Since the earliest days of Facebook, social scientists have sent up warnings saying that the ability to maintain separate “contexts” (where you reveal different aspects of yourself to different people) was key to creating and maintaining meaningful relationships, but Mark Zuckerberg ignored this advice, insisting that everyone be identified only by their real names and present a single identity to everyone in their lives, because anything else was “two-faced.”
Zuck was following in the footsteps of other social network entrepreneurs who attempted to impose their own theories of social interaction on mass audiences — danah boyd has written and presented extensively on the user rebellions of Friendster from people who wanted to form interest-based affinity groups and use pseudonymous identities for different activities, which Friendster rejected out of a mix of commercial concerns (it wanted users to arrange their social affairs to make it easier to monetize them) and fringe theories of social interaction.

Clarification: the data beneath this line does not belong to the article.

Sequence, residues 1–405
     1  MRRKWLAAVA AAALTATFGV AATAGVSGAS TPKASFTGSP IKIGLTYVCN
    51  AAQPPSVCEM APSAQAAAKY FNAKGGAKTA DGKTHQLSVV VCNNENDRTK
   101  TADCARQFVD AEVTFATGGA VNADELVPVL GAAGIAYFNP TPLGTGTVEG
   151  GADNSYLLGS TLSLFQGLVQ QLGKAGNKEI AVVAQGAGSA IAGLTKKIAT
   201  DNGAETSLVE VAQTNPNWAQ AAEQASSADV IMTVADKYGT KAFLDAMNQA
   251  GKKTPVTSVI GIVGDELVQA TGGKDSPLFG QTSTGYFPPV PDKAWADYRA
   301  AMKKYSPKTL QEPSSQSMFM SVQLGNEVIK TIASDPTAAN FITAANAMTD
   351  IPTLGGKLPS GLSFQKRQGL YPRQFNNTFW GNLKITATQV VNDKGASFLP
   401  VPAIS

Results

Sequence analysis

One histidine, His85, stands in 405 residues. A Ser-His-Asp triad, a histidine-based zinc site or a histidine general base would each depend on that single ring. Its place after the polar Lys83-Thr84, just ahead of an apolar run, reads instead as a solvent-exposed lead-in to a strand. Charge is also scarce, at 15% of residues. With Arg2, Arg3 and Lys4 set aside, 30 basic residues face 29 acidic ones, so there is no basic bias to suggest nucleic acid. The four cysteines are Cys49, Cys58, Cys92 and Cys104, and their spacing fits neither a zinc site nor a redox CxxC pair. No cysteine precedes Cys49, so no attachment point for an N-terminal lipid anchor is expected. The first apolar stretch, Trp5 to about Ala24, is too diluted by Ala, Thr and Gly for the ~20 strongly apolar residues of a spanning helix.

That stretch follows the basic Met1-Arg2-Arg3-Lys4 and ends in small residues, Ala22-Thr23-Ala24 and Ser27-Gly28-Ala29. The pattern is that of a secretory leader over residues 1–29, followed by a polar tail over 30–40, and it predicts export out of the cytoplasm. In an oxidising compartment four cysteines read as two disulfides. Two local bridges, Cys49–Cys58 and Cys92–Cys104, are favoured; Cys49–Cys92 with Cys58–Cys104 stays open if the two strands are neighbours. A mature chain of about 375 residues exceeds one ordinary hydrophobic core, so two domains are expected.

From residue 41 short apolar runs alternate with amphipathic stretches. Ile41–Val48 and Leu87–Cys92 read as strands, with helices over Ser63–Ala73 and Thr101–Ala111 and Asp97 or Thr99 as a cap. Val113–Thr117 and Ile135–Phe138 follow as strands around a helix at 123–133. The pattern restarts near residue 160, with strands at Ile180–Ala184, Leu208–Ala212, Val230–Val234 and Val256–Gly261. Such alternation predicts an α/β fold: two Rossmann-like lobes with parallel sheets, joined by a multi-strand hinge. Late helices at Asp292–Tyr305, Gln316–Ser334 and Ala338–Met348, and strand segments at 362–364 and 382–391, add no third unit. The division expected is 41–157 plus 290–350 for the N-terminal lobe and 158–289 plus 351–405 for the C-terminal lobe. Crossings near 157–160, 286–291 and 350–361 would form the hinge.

But while all the other social networks collapsed, Facebook thrived, and imposed the Zuckerberg model of “one identity, one context” on billions of users, who, research consistently finds, are made unhappy and angry by their use of the service, but are nevertheless psychologically compelled to continue using it, creating a vicious feedback loop that even Zuck has acknowledged as a risk to his business.
Read the whole thing.
Over the last couple of years I’ve been off Twitter except for the occasional silly remark, and limit my Facebook time to little more than similar silliness and pictures of my kids. And I’ve found I’m much more relaxed.